Life with ‘The Small Side’
Miniature horses provide plenty of fodder for cartoon ideas
Just in time for Christmas, "The Small Side" is hot off the press.
The book, a collection of cartoons about miniature horses and their owners, was illustrated and written by Jarbalo resident Jody Chenoweth.
About 10 years ago, Chenoweth compiled a collection of cartoons and published them in a book at Tonganoxie's Legal Printing.
She gave copies of the books to family and friends.
One of the books made its way to SmallHorse Press, a Zanesville, Ohio, publishing company.
About two months ago, she received a call from SmallHorse's publisher, Bob Leland.
"He said his wife was reading my old cartoon book and she was laughing so loud, so he thought why don't we update it and republish it," Chenoweth said.
Leland asked her if she could draw 20 additional cartoons to get the book on the market before Christmas.
Fortunately, Jody, who'd been pretty much housebound for a couple of months -- first from a broken ankle and then from a case of shingles -- was prepared and had the time to do it.
"I keep a list of ideas," Jody said. "I had them written, but I didn't have them drawn up yet."
The work went fast.
"It's not that hard to really do them when I sit down to do it," she said.
And, since sending those cartoons off, she's already come up with about 20 more ideas.
Collecting her thoughts
Jody, a 70-something-woman, seems younger than she is. Dressed in a long skirt, boots and holiday sweater topped with a jacket, she made her way to the barn on a recent morning to show off her dozen or so miniature horses.
She cuddles the horses that come up to nuzzle her, then stands in silence as she watches them run in the pasture. It's evident by the smile on her face that even then, in the midst of a busy day, she's thinking about her next project. It could be another cartoon, or it could be a poem, a short story or even lyrics to a song.
Jody's been writing all her life. She grew up in a family of newspaper people. Her grandmother owned a newspaper in Oklahoma. Her father and brothers worked at the Kansas City Star.
It's important, she said, to have a pen and paper handy to write down her thoughts.
"If you don't write it down, it's gone," she said.
And, it helps, she said, that she has a hard time sleeping at night. Jody said she usually only sleeps about five hours. This is when she gets some of her ideas.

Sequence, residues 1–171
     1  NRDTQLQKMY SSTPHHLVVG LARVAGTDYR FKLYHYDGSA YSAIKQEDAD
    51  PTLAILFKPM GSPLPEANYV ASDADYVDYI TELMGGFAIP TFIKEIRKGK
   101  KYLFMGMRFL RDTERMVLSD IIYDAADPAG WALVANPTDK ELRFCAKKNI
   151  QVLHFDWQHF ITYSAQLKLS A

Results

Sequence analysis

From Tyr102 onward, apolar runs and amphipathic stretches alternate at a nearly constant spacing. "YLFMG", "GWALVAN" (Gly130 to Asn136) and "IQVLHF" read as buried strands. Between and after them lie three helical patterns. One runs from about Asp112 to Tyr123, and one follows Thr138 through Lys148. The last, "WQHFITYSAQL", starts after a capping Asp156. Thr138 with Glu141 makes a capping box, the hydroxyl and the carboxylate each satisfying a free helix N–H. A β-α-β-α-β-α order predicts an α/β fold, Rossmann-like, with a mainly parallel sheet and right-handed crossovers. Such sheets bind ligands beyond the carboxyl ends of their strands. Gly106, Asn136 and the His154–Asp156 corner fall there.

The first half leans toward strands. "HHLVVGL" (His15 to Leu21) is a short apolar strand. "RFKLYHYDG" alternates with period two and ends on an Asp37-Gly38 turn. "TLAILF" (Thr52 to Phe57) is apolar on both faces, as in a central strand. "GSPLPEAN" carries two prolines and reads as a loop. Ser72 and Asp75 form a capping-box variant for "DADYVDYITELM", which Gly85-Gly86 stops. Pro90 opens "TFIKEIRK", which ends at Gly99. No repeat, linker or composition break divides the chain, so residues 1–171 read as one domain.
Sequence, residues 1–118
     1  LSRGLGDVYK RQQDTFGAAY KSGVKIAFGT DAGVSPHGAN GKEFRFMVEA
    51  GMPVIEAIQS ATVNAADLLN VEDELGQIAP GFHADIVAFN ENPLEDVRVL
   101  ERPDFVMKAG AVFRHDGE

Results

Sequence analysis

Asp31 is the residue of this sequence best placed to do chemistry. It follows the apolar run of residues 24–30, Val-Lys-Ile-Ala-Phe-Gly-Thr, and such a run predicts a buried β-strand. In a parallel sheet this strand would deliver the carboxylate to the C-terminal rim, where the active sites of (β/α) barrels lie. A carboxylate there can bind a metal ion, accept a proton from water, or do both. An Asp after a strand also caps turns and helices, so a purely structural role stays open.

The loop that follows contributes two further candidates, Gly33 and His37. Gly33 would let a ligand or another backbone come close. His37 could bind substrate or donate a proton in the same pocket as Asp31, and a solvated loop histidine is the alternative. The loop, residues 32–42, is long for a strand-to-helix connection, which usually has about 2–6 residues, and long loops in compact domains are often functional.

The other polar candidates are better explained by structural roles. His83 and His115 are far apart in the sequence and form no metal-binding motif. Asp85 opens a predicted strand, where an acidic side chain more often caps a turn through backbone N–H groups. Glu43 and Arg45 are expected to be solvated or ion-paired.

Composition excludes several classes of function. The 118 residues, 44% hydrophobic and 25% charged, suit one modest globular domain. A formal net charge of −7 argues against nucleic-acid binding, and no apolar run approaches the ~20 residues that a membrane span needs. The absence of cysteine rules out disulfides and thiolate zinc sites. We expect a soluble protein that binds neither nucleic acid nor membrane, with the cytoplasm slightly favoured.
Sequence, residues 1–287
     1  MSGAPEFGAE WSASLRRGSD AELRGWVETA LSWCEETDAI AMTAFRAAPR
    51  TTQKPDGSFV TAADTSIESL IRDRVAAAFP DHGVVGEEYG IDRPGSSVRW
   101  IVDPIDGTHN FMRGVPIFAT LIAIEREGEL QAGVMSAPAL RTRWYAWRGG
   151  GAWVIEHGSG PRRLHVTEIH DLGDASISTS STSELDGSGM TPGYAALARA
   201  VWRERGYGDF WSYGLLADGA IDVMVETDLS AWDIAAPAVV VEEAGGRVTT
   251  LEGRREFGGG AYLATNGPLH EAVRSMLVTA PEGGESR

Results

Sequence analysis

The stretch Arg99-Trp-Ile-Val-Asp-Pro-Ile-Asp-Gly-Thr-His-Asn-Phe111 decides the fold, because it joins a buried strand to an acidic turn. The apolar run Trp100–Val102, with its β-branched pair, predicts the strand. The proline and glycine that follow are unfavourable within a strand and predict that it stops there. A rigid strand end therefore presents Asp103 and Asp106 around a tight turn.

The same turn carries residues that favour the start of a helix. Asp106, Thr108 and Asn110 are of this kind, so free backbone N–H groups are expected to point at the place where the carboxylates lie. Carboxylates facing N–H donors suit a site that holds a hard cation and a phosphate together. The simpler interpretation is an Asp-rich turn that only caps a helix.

"One night I just thought wouldn't it be funny if you hung a giant flystrip over the barnyard and all the horses get caught," Jody said.
And sure enough, on page 37 of her book is a cartoon showing three miniature horses that have their tails or hooves stuck in a flytrap that's suspended over the barnyard.
The cartoon's caption shows a woman telling her husband, "I told you ya wasn't hangin' it high enough!"
In due time
When Jody was in high school, she thought she had no talent at drawing.
"When I would try to draw, it didn't look real, it looked like cartoons," Jody said. "I got real frustrated, but my art teacher said someday you'll be glad you can draw cartoons. And finally, after 50 years, I am."
Her husband of 55 years agrees.
"The way I look at it is it's a work of art to be able to do cartoons," Fred Chenoweth said.
And, Fred said, he has personally enjoyed his wife's artistic endeavors. He holds a card Jody made for their silver anniversary.
"She's made me a lot of nice little cards like that over the years," he said.
And, Jody has always made the family's Christmas cards and birthday cards.
As a teenager, Jody planned to study at the Kansas City Art Institute.
But instead, just weeks after high school graduation, she and Fred decided to marry. Jody stayed home through most of this time, raising the couple's four children.
In the 1980s, Jody and Fred bought five miniature mares and a stallion and began raising and showing miniature horses.
Steeped in atmosphere
A woodstove, complete with a red enamel teapot, takes up one corner in the living room of the Chenoweths' house east of Jarbalo where they've lived since 1961. Southwestern area rugs, and designs of horses galloping across one wall and wise old owls perched above a door give the room a warm touch.
In the kitchen, wallpaper that looks like the inside walls of a log cabin almost makes visitors feel as if they've stepped across the border into Colorado.
But next to the kitchen is the ultimate in modern conveniences -- a home office complete with two computers -- one for Fred and the other for Jody.
A friend to technology, Jody's computer is complete with a drawing tablet, so she can enter her designs directly into the computer.
Included in Jody's creations is a book about the weather that Jody plans to send to a television weatherman in Kansas City.
She's illustrating a children's book written by her younger sister, Susy Ross, who lives in Tonganoxie. Jody has written short stories. And, she has won poetry writing contests, as well as awards for her country music lyrics.
She reads and memorizes works by other poets, including Sylvia Path, Robert Browning and William Cullen Bryant. Each night, Jody said, she recites to herself at least 15 poems she's memorized.
Up and running
As the years go by, Jody's energy seems to be increasing, said Fred.
"She couldn't keep up with me when I was a young guy, but now it's kind of in reverse," Fred said. "I'm getting to be older and slower, but we have a lot of fun -- I wouldn't change her for the world, and that's a fact."
Jody's energy, creativity and love of life have been good for him, Fred said.
"She's made my life better," Fred said. "A lot of men fight that and they make it ugly. But women -- the way I look at it -- they brighten your life."
Jody, modest about her accomplishments, shrugs and looks away shyly.
"It's just silly stuff, but it's fun," Jody said, smiling. "It gives you something to do to keep up and running."